The Path to Greater Corporate Compliance, Accountability, and Ethical Conduct
SAS 99 to the 2010 Amendments to the Federal Sentencing Guidelines for Organizations
Improved corporate compliance and stricter enforcement did not end with the enactment of Sarbanes-Oxley in 2002. The American Institute of Certified Public Accountants released their Statement on Auditing Standards 99, an auditing standard that now requires greater involvement of external auditors in developing reasonable assurance that an entity's financial statements are free of material misstatements whether by fraud or error. The government gave strong guidance to federal prosecutors in its historic “Thompson Memo” of how and when to bring criminal charges against an organization. In the process, the government sent a chilling message to corporations that cross the line. The Securities and Exchange Commission drove home the important role of “gatekeepers” in protecting the interests of the investing public and the government. The government greatly enhanced prison sentences for fraud so that a fraud conviction could now bring a life sentence. Other compliance enhancements followed, all leading the way toward the creation of a culture of compliance.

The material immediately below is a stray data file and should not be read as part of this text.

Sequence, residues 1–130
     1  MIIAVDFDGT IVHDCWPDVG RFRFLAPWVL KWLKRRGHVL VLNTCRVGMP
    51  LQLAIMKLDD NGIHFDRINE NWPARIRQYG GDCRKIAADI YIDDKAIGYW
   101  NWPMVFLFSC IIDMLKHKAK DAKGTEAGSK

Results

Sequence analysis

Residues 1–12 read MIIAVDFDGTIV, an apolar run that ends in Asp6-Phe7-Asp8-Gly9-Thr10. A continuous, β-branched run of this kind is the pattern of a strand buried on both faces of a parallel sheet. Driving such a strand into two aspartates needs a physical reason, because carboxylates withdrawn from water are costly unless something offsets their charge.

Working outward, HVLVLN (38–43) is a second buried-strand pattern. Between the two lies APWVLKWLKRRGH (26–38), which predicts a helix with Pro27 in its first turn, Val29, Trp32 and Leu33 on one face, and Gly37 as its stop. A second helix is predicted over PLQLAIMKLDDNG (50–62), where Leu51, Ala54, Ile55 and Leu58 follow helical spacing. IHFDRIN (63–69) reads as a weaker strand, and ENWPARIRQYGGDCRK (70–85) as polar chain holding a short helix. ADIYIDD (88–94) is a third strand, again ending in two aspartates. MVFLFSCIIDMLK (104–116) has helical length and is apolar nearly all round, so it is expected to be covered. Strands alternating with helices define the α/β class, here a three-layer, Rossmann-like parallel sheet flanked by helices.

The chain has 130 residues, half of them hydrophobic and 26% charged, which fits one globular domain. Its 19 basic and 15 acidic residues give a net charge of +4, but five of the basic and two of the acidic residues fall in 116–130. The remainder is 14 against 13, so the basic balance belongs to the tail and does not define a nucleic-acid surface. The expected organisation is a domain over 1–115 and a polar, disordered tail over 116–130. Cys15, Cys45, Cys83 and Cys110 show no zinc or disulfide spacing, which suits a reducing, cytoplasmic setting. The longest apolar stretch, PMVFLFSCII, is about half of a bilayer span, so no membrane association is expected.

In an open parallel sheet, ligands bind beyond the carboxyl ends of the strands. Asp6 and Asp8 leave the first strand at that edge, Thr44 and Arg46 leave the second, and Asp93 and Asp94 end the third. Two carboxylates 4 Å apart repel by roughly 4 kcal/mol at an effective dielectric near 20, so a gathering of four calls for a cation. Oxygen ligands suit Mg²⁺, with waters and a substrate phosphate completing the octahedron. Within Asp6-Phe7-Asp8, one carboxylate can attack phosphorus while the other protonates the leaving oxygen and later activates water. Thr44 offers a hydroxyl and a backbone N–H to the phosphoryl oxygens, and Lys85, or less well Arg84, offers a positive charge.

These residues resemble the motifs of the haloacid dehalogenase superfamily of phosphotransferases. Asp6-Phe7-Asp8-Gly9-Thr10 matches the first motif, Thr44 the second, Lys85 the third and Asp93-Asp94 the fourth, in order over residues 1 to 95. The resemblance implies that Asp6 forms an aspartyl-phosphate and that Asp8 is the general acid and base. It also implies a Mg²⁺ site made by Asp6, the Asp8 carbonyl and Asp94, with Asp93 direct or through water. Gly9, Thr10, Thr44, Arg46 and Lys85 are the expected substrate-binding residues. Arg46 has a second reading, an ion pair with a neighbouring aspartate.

THE SAS 99 FIX
After several tries and the inability to detect massive financial statement frauds, the accounting industry may have finally gotten it right. In December 2002, the new Statement on Auditing Standards (SAS) 99, Consideration ...